Indiana recently joined a growing list of states which sanction anti-LGBT discrimination after Gov. Mike Pence (R) signed the Religious Freedom Restoration Act (“RFRA”) into law. Ostensibly modeled after the federal RFRA passed by Congress and signed into law by President Clinton in 1993, these mini-RFRAs have largely been enacted in response to the massive expansion of marriage equality and several cases of Christian florists and wedding photographers who have refused to serve gay and lesbian couples.
Business owners would be able to raise the laws as a defense if they refuse to take part in activities which run counter to their deeply-held religious beliefs which, as numerous critics have pointed out, is a recipe for discrimination.
One Hoosier already praised the law on a local radio station, claiming he had already “discriminated” against gay customers in the past. “Well, I feel okay with it because it’s my place of business, I pay the rent, I’ve built it with all my money and my doing. It’s my place; I can do whatever I want with it,” the anonymous restaurateur said. “They can have their lifestyle and do their own thing in their own place or with people that want to be with them.”
In response, Indiana has been flooded with criticism from politicians, celebrities, athletes and CEOs. Actor and LGBT rights advocate George Takei voiced his support for a boycott, writing on Facebook that he is “outraged that Gov. Pence would sign such a divisive measure into law” and calling the law a “terrible blight upon [Indiana’s] reputation.” The CEO of Salesforce, a corporation valued at $4 billion, blasted the law, stating on Twitter that they would be “forced to dramatically reduce our investment” in the state. Bill Oesterle, the CEO of Indianapolis-based Angie’s List, quickly followed suit, axing a proposed $40 million headquarters expansion.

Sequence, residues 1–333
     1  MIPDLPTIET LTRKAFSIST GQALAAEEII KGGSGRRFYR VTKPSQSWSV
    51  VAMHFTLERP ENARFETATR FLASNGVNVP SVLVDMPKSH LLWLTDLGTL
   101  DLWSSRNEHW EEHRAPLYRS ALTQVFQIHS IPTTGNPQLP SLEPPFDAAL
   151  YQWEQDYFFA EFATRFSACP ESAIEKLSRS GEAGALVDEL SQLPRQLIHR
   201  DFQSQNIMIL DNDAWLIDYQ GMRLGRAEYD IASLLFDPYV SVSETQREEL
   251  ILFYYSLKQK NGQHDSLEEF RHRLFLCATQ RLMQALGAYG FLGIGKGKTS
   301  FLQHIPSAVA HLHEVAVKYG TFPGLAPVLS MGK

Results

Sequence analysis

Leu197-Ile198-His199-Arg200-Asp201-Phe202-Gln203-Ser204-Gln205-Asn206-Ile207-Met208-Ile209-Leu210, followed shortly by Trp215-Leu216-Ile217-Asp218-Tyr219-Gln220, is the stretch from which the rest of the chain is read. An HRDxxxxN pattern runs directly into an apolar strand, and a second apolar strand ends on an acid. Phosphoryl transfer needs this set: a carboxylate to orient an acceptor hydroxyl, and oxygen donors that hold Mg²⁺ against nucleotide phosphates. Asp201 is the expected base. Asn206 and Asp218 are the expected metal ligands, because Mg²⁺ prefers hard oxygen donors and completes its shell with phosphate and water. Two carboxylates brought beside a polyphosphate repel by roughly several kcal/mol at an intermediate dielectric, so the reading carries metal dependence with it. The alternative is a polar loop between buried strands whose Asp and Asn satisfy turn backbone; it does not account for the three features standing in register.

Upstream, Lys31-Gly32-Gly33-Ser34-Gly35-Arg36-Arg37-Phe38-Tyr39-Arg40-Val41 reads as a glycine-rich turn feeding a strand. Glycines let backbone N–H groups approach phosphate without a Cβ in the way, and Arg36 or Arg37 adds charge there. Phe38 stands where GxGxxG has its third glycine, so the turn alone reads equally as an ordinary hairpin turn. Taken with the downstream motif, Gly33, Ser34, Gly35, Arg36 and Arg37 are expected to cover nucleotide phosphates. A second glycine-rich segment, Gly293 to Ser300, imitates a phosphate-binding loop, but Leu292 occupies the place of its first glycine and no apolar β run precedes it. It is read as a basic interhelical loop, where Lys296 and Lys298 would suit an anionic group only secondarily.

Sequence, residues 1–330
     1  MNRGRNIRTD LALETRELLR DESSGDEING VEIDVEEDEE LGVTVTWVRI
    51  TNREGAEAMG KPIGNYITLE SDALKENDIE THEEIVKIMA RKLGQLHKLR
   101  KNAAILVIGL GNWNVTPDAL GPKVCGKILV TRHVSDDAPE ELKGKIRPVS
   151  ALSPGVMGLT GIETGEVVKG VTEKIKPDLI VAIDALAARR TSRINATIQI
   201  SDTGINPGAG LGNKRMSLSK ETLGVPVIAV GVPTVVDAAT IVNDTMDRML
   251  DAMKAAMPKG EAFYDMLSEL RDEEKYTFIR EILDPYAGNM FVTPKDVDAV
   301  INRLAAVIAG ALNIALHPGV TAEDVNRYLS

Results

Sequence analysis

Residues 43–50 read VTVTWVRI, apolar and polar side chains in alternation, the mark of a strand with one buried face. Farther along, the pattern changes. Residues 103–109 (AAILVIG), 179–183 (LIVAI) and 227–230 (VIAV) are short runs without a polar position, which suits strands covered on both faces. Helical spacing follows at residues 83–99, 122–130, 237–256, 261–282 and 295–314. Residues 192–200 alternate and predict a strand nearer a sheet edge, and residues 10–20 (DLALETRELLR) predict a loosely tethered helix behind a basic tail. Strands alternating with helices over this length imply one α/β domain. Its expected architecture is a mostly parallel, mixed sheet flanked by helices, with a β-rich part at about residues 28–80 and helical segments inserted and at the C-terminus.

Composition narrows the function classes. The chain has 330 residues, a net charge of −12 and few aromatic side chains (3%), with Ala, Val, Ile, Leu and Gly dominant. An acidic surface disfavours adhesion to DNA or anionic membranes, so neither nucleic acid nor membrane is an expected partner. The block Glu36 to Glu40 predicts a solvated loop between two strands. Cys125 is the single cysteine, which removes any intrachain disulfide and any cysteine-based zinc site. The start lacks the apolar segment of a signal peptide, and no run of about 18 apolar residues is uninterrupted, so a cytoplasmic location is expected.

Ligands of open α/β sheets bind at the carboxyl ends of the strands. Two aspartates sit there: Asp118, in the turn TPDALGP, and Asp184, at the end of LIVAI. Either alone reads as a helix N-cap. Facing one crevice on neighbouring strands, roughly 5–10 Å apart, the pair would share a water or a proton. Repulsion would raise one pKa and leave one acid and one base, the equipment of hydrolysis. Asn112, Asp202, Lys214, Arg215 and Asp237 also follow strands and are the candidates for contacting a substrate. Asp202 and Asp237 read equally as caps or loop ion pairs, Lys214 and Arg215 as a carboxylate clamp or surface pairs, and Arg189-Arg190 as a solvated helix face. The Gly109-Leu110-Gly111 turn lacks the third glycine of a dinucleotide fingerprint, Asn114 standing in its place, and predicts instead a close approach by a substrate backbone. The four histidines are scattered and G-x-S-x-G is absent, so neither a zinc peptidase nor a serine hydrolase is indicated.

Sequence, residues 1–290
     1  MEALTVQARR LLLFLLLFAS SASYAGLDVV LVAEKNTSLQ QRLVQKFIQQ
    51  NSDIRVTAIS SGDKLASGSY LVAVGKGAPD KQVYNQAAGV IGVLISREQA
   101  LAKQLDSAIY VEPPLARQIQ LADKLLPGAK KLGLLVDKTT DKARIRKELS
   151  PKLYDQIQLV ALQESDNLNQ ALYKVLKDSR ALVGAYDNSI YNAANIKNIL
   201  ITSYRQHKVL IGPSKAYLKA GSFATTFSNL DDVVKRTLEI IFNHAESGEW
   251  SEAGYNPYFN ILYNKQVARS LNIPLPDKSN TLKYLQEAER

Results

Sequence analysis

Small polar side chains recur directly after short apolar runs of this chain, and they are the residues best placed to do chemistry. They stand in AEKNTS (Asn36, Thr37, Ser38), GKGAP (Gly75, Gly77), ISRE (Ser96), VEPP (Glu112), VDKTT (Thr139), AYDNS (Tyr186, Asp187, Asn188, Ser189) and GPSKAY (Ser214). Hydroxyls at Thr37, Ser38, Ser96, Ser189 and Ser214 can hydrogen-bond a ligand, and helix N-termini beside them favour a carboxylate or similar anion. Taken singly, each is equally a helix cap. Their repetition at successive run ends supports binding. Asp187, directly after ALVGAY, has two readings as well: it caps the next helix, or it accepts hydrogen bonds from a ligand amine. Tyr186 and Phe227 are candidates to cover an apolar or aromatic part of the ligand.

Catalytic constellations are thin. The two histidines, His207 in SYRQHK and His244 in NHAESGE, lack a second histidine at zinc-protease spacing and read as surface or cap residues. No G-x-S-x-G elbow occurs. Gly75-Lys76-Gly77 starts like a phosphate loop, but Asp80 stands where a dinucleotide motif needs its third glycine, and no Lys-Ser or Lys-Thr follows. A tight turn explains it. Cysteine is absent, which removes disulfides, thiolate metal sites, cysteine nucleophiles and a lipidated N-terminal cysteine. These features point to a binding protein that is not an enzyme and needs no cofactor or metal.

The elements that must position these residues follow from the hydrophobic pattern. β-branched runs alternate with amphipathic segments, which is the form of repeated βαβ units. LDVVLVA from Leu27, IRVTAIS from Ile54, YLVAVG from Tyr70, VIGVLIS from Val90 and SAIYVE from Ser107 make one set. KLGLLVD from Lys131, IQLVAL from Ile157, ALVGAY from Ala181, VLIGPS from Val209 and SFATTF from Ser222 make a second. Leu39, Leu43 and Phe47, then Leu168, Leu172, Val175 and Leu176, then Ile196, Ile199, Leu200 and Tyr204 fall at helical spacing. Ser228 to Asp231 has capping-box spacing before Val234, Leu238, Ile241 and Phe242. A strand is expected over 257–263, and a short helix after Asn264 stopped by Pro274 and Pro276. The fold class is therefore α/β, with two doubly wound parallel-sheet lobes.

Butler University president James Danko released a statement which read in part
While I have read a variety of opinions and rationale for RFRA, it strikes me as ill-conceived legislation at best, and I fear that some of those who advanced it have allowed their personal or political agendas to supersede the best interests of the State of Indiana and its people. . . . Butler is an institution where all people are welcome and valued, regardless of sexual orientation, religion, gender, race, or ethnicity . . . Butler was the first school in Indiana and third in the United States to enroll women as students on an equal basis with men, was among the first colleges in the nation to enroll African Americans, and was the second U.S. school to name a female professor to its faculty. I strongly encourage our state leaders to take immediate action to address the damage done by this legislation and to reaffirm the fact that Indiana is a place that welcomes, supports, respects, and values all people.
To top it off, religious groups including the Disciples of Christ have also condemned RFRA as “contrary to the values of our faith.”
Gov. Pence, for his part, spoke out in defense of the law, which he maintains is merely about “religious freedom” and nothing more. Saying he never anticipated “the hostility that’s been directed at our state” following the law’s passage, Pence stated that he now sought to “clarify” the law’s purpose. And by “clarify,” I mean repeatedly stonewall when anyone mentions homophobia.
Check out these excerpts from an interview between Gov. Pence and George Stephanopoulos. When asked point blank about the law’s effect on LGBT rights, Pence repeatedly shifts the discussion to government infringement of religious liberty. In fact, he does it eight times, and can’t even say with certainty whether or not he opposes anti-gay discrimination against his own constituents: